After a massive earthquake devastated Port-au-Prince, Haiti, in 2010, Ian Rosenberger wanted to help. Six weeks into the recovery effort, he hopped a plane to Haiti. It was the sort of impulsive gesture that aid organizations discourage: a well-intentioned novice—in this case, an ad director in his twenties—going solo in a disaster area. “I did all this the wrong way,” Rosenberger says now.
By “all this,” he means Thread, his Pittsburgh-based startup, and Team Tassy, his companion nonprofit, both of which he started shortly after that initial visit. Thread, a B Corporation, turns trash collected in Haiti into what he calls “the most responsible fabric on the planet,” which gets made into clothing and accessories in the U.S., creating jobs in Haiti that Team Tassy prepares people for.
Despite his inexperience in textiles, supply chain management, and economic development, Rosenberger, 33, has built a fast-growing enterprise by relying on his entrepreneurial instincts and a fearlessness that had served him well as a finalist on the reality show Survivor, not to mention an MTV host and the founder of a video production company.
Recently, he talked to Spark Business IQ from Haiti about the art of finding opportunity in unusual places.
Where did the idea for Thread come from?
It came from the people I met. I went to Haiti thinking I’d take photos to raise money for nonprofits doing disaster work. And I came across a kid in Port-au-Prince named Tassy who had a tumor on his face. He was dying. So some buddies and I raised money and got him the surgery he needed in the U.S. It wasn’t until we dropped him off in Haiti that I realized the experience was mostly self-gratifying. We set Tassy up for the same end as most guys his age—a short life and a violent death.
I started asking, “What does it mean for the poor not to need you anymore?” I looked at what Paul Farmer [cofounder of Partners in Health], Bill Strickland [founder of Manchester Bidwell Corporation], and Geoffrey Canada [president of the Harlem Children’s Zone] are doing, and I started to develop a philosophy for the kind of business I wanted to start: Poverty is an epidemic—the largest killer on the planet—and the cure is dignified work. So I’d like to create jobs.
How did you identify recycling as the best vehicle for your vision?
Everywhere you look here, you see poverty and trash. I had written in my journal early on, “If Haiti could turn trash into money=good.” Months later, I went back to that entry, and I Googled, “What can you turn trash into?” We made our first fabric 18 months ago. It wasn’t attractive. It was shiny and the same color as the bottle it came from. We’ve gotten a lot better since then. We just developed three fabrics for our first multinational brand.
How did you get apparel companies to take you seriously as a newcomer?
Once we had a quality product and an intimate knowledge of our supply chain—it’s staggering how many brands have zero idea where their materials come from—that attracted potential clients and advisers, like Bill Besselman [vice president of strategy and consumer insight] at Under Armour. And that translates into real momentum.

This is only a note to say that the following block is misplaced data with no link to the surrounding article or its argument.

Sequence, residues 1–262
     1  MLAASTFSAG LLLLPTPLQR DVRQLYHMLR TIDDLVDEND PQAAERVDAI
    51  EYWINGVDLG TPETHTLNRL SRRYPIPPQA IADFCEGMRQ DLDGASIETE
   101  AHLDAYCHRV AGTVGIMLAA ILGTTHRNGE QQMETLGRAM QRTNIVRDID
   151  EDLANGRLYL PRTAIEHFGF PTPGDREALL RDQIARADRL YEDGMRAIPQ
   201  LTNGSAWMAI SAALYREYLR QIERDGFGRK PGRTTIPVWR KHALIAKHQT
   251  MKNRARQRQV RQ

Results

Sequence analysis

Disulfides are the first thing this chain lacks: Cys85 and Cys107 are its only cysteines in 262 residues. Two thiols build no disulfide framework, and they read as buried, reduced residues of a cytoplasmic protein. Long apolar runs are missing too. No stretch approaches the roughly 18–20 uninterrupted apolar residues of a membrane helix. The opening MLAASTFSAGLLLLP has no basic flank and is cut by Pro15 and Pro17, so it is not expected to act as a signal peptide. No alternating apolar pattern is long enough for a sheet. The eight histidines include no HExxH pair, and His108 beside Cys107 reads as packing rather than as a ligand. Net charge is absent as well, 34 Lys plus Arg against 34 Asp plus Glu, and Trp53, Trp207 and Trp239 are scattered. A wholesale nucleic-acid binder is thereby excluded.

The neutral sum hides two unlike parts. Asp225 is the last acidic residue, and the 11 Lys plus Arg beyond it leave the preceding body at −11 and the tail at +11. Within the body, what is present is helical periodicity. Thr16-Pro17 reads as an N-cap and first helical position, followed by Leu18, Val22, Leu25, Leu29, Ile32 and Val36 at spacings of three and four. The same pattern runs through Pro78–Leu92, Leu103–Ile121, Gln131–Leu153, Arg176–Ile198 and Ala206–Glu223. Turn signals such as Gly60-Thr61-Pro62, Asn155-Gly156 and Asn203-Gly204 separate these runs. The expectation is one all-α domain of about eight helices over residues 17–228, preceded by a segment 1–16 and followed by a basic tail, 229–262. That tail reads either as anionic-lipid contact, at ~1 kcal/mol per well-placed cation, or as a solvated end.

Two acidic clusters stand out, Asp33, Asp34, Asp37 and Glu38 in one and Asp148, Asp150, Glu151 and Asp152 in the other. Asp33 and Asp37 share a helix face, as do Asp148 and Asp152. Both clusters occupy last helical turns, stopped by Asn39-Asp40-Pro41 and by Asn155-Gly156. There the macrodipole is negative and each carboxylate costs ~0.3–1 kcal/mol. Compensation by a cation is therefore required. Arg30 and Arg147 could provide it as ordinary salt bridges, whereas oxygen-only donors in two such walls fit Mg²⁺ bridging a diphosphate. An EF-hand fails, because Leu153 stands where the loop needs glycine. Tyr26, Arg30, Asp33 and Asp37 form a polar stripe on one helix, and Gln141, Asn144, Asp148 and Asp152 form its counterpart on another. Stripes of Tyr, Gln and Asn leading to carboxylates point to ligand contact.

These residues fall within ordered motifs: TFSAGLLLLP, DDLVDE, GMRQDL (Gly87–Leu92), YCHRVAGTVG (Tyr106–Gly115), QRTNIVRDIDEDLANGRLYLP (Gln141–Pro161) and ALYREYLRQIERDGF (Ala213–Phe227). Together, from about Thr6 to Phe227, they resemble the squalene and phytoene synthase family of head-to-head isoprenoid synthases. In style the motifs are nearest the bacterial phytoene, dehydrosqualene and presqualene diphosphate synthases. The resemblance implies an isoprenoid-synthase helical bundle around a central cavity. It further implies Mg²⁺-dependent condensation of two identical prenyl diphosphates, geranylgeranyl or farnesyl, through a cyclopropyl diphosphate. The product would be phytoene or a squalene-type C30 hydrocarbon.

Cash flow can be such a challenge for a new small business. How did you manage?
The first year was brutal. We wondered, How are we going to make payroll next week? But once we had a couple of angels who believed in us, things got better. Part of the problem was that when we started, nobody believed we were for-profit. I’m a big believer that we can have an impact on the environment, we can help people, and we can make money. But I had to convince investors.
What eventually made you effective at raising money?
In the beginning, I had no idea how to speak the language of investors. We raised $750,000 in excruciating fashion—$50,000 at a time. But I learned how to pitch actual investors. I’d tell them why this is a company not just worth $5 million or $6 million, but $100 million or $200 million in three to five years if you look at what we can do for brands and the textile industry. We just raised more than $2.75 million, which took a tenth of the time that the $750,000 did. But you have to go through that process where you’re bad at it and get punched in the face.
What sort of impact is Thread having?
Our Haitian partners are amazed that something with no value could be turned into something beautiful. From a forgotten neighborhood. From one of the poorest countries in the world. There’s such pride. People here are not used to seeing a real win like that. We want to connect their stories with the people who are buying products made from our fabric. We believe the more connected those people feel, the more they understand that the poor are no different than them. That’s the whole reason it’s called Thread.
Ian Rosenberger is the CEO of Thread
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